Om järnålderns och medeltidens bebyggelseetableringar i norr
2014 (Swedish)In: Arkeologi i norr, ISSN 0284-558x, Vol. 14, 81-105 p.Article in journal (Other academic) Submitted
The article presents some new ideas about the Roman Iron Age and Migration Period site at Gene in Northern Sweden. The farm is situated in the northernmost fringe of the petty kingdom of Central Norrland. The people who settled at Gene are believed to have played a major role in trade and exchange with coastal groups northwards and inland groups west- and north-westwards. The place names connected to -gene- form a hydronym complex along the River Moälven, all the way up to Lake Vetasjön. At the end of that communication route a cremation grave, without any suprastructure and dated to c. AD 550, has been excavated. It contained high class weapons including a lance, axe, arrowheads, knives and a strike-a-light stone and was located at a site with Sami hearths. The arrow heads may have been forged in the Gene smithy.
This type of hydronym complex, with archaeological nodes at each end, is believed also to be found in other smaller river systems north of Gene. Examples of possible similarities are exemplified by the River Åbyälven with its cremation grave from the Viking Age at Njallejaur near Arvidsjaur and the late Medieval site Lappviken upstream on the River Byskeälven. The smaller forest rivers have not been much discussed in earlier research. They were, however, much less exploited by later agriculture, settlement and water plants compared to the larger mountain rivers. Therefore it may be easier to find the fragile traces of early Scandinavian traders at the mouths of the forest rivers.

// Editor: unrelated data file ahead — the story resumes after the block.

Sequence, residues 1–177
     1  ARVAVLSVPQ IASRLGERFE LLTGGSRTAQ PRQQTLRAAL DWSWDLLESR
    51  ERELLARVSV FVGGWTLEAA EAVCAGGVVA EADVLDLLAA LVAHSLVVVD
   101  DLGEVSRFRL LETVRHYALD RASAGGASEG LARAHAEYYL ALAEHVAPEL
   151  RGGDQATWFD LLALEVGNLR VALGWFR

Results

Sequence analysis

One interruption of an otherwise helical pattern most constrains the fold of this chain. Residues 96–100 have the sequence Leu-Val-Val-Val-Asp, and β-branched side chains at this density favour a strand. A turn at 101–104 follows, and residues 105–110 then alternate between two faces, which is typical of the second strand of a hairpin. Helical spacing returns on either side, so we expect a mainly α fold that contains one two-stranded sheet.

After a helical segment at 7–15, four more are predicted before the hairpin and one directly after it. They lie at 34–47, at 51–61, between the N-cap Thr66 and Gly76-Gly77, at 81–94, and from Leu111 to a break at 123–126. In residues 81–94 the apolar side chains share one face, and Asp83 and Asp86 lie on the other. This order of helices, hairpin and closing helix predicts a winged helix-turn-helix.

Place, publisher, year, edition, pages
Umeå: Umeå universitet , 2014. Vol. 14, 81-105 p.
History and Archaeology Archaeology
Research subject Archaeology
IdentifiersURN: urn:nbn:se:umu:diva-112830OAI: oai:DiVA.org:umu-112830DiVA: diva2:882820